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How to Hide an Empire: A History of the…
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How to Hide an Empire: A History of the Greater United States (original 2019; edition 2020)

by Daniel Immerwahr (Author)

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1,1672317,439 (4.3)13
A pathbreaking history of the United States' overseas possessions and the true meaning of its empire We are familiar with maps that outline all fifty states. And we are also familiar with the idea that the United States is an "empire," exercising power around the world. But what about the actual territories-the islands, atolls, and archipelagos-this country has governed and inhabited? In How to Hide an Empire, Daniel Immerwahr tells the fascinating story of the United States outside the United States. In crackling, fast-paced prose, he reveals forgotten episodes that cast American history in a new light. We travel to the Guano Islands, where prospectors collected one of the nineteenth century's most valuable commodities, and the Philippines, site of the most destructive event on U.S. soil. In Puerto Rico, Immerwahr shows how U.S. doctors conducted grisly experiments they would never have conducted on the mainland and charts the emergence of independence fighters who would shoot up the U.S. Congress. In the years after World War II, Immerwahr notes, the United States moved away from colonialism. Instead, it put innovations in electronics, transportation, and culture to use, devising a new sort of influence that did not require the control of colonies. Rich with absorbing vignettes, full of surprises, and driven by an original conception of what empire and globalization mean today, How to Hide an Empire is a major and compulsively readable work of history.… (more)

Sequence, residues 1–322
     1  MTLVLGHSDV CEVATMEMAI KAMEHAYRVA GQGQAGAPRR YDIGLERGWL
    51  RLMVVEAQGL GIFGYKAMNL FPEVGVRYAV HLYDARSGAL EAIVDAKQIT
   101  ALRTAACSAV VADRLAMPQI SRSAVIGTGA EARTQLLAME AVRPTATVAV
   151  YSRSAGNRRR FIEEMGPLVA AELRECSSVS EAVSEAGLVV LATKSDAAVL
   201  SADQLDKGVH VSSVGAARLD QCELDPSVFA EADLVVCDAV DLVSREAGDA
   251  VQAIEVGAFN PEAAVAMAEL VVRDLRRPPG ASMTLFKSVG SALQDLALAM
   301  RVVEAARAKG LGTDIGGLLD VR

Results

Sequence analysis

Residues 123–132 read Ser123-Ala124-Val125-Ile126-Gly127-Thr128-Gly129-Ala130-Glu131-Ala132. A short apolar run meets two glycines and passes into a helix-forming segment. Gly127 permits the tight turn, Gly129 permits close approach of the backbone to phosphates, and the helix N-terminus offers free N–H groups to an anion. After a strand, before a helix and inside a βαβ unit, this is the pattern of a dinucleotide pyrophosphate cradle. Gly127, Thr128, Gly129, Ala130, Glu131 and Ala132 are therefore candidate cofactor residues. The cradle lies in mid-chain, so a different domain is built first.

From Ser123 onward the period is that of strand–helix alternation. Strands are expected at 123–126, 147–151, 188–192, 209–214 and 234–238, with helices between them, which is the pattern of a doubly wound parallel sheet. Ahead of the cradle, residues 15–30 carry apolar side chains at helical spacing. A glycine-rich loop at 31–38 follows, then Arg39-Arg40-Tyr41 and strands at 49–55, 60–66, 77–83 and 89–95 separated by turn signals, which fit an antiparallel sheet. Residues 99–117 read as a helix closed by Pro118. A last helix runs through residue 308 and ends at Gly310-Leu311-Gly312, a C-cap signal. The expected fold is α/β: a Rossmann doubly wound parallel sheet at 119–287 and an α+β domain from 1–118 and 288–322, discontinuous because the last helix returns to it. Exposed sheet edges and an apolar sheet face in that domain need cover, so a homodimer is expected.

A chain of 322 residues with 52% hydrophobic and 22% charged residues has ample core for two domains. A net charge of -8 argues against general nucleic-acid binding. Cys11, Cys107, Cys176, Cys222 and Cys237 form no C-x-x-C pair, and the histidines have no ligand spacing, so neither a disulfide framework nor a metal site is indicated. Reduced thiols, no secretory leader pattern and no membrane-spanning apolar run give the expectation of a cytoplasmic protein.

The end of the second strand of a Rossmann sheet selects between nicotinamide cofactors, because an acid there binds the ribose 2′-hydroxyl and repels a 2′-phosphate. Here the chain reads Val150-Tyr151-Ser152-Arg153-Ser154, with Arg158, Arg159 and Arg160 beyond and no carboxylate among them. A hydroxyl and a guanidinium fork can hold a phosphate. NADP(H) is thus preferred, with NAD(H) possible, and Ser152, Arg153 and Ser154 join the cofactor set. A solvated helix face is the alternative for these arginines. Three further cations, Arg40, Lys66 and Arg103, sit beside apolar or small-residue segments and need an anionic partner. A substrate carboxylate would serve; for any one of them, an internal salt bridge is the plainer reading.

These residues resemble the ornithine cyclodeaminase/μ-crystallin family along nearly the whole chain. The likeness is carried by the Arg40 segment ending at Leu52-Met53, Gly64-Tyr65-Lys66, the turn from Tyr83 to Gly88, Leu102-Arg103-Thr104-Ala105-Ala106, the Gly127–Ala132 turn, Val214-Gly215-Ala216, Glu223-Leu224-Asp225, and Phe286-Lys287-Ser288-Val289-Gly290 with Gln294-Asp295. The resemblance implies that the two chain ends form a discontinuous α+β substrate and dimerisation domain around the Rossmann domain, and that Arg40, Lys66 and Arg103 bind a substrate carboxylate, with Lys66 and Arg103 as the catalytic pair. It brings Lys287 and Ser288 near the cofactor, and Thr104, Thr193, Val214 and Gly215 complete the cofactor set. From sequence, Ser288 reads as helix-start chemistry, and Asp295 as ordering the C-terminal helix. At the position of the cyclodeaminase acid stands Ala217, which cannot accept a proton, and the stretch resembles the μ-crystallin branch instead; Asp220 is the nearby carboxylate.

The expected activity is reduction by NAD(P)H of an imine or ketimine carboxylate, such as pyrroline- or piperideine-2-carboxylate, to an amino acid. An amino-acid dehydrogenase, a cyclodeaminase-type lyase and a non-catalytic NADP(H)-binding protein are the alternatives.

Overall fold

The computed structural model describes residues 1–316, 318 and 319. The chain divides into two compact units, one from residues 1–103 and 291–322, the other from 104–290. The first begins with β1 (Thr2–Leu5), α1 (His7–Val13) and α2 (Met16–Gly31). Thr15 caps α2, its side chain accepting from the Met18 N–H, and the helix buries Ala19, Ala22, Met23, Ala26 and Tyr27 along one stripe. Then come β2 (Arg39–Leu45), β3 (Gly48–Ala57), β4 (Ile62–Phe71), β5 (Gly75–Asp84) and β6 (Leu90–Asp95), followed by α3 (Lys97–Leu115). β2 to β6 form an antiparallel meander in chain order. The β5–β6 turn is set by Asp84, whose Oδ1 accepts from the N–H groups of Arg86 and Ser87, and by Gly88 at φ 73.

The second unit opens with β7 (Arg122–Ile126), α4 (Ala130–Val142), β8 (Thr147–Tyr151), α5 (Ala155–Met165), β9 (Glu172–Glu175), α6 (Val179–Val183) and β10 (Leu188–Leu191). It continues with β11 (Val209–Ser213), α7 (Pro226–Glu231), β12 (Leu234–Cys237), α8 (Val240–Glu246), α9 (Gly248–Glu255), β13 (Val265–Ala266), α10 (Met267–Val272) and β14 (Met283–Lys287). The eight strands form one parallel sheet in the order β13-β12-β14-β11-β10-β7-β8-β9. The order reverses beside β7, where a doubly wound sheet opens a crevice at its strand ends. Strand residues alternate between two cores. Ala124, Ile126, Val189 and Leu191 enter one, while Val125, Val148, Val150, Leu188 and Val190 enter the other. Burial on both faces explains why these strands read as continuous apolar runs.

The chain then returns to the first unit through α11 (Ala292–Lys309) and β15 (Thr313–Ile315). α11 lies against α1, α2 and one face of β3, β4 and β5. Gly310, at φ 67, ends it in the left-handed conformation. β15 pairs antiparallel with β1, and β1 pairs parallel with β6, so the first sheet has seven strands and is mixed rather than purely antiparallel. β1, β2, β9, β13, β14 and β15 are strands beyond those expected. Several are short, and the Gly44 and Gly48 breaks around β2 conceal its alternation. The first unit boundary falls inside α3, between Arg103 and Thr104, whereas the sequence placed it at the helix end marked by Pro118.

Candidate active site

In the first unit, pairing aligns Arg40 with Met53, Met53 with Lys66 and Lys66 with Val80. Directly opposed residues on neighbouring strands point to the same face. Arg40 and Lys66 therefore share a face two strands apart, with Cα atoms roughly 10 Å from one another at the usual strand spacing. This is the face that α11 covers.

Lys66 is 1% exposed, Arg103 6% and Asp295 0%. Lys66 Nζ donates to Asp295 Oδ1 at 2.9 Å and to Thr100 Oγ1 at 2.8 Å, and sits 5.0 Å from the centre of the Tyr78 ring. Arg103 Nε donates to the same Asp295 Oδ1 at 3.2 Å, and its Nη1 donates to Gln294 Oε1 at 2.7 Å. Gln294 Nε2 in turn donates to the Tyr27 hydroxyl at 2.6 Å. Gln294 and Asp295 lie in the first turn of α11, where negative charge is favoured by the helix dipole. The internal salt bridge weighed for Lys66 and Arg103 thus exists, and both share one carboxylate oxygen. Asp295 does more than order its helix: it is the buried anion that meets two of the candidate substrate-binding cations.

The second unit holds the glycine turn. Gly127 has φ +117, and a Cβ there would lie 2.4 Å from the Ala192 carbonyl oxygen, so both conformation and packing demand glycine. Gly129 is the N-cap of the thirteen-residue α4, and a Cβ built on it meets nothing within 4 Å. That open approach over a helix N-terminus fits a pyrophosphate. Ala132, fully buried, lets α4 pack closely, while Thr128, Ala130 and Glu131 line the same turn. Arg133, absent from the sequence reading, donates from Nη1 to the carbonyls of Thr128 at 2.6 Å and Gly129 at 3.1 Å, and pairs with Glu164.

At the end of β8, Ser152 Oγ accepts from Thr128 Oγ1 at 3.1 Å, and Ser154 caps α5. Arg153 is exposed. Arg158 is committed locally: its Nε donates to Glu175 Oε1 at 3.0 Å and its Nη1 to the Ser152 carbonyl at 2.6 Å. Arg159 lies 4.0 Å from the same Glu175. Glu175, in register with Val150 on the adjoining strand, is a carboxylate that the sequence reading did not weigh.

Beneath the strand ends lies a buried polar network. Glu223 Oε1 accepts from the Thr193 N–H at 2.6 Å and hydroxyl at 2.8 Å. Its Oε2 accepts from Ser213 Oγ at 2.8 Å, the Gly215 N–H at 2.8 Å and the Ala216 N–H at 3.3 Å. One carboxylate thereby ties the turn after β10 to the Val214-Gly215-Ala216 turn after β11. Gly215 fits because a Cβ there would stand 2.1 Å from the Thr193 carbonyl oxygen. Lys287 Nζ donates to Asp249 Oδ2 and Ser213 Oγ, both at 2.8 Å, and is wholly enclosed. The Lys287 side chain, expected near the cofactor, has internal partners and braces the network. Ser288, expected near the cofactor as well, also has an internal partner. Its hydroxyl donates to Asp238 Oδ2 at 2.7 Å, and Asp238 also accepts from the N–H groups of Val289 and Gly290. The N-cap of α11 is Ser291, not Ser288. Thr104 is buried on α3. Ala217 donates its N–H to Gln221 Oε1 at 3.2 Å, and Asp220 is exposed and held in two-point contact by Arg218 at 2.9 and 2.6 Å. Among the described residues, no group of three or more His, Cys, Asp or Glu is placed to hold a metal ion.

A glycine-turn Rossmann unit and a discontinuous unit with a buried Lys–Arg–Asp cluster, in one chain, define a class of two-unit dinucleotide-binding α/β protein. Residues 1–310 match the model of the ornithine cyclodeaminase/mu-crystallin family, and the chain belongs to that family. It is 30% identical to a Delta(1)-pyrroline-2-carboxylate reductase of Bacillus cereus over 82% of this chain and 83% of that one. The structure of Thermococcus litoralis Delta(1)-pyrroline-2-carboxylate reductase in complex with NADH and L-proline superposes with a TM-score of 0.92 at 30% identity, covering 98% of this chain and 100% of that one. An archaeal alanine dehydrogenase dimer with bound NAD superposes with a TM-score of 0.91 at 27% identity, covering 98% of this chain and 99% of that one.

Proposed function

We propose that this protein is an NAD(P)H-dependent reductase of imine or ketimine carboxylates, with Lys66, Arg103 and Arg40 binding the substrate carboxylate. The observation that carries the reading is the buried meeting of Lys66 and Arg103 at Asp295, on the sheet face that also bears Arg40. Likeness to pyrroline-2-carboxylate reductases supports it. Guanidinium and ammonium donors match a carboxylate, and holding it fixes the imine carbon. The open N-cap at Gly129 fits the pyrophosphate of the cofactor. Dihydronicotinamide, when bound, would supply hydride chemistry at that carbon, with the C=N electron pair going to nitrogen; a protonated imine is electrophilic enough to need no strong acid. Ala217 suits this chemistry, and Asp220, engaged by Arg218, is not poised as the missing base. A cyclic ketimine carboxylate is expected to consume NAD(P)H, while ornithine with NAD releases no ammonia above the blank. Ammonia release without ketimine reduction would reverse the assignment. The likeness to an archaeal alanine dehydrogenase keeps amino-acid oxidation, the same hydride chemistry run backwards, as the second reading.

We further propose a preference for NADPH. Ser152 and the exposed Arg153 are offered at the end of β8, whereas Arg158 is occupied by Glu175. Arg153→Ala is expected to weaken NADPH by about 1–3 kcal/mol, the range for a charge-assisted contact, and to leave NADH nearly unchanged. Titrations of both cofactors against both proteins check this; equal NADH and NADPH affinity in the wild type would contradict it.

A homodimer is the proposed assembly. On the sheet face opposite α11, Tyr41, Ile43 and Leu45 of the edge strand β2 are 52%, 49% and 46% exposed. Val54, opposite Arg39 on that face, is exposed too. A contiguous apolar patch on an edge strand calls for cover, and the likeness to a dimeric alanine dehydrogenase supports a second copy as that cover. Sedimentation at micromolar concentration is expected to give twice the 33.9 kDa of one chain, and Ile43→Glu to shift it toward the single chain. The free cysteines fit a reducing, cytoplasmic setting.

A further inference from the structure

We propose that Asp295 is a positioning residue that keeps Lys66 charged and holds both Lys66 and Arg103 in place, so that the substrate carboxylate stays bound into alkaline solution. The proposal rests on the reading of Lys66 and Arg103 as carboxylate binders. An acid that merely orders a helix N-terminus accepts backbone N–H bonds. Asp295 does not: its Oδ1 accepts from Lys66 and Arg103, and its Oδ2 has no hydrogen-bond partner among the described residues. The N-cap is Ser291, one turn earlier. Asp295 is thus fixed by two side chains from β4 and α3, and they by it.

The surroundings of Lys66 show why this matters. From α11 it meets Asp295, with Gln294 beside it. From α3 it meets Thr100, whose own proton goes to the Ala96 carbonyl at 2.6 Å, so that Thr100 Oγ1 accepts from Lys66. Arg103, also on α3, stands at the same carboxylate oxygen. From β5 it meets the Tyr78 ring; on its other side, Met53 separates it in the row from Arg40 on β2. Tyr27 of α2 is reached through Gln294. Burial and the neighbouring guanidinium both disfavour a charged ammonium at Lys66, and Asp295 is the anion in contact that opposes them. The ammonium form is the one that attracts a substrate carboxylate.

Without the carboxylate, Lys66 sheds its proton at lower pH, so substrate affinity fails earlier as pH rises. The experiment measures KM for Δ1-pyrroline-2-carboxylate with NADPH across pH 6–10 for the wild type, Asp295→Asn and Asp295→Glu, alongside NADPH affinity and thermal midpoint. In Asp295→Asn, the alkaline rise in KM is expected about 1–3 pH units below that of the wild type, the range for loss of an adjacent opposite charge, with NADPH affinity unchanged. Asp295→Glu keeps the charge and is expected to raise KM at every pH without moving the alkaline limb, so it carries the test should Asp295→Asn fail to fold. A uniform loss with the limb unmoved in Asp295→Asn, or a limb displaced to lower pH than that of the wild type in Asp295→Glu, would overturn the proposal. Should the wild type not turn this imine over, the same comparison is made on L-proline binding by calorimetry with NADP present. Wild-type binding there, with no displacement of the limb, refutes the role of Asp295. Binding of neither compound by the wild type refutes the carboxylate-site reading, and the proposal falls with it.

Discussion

Member:davidmcooper
Title:How to Hide an Empire: A History of the Greater United States
Authors:Daniel Immerwahr (Author)
Info:Picador (2020), Edition: Reprint, 528 pages
Collections:Your library
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How to Hide an Empire: A History of the Greater United States by Daniel Immerwahr (2019)

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A work of crucial, eye-opening historical recontextualization. This book achieves a clear-headed, well-argued synthesis of complex tangles and byways of American imperial history. Highly recommended. ( )
1 vote jasonllester | Jul 9, 2024 |
Excellent, so much information I haven't been exposed to on such familiar topics. The US has acted as an empire for the entirety of its short existence, tho few Americans would call it that. A look at all the territories and countries we've had undue influence on, and how that's affected them. Most of it has to do with our oversized military presence literally everywhere. ( )
  KallieGrace | Dec 18, 2023 |
I walked a fine line between being fascinated by this book and being bored by it. Let me be clear: the fault wasn't with the book or the author. It's incredibly well researched, and at times astonishing, But it's also deeply political (as expected), and politics isn't one of my areas of interest. A book has to be truly outstanding to hold my interest when it deals so heavily with political machinations and maneuvers.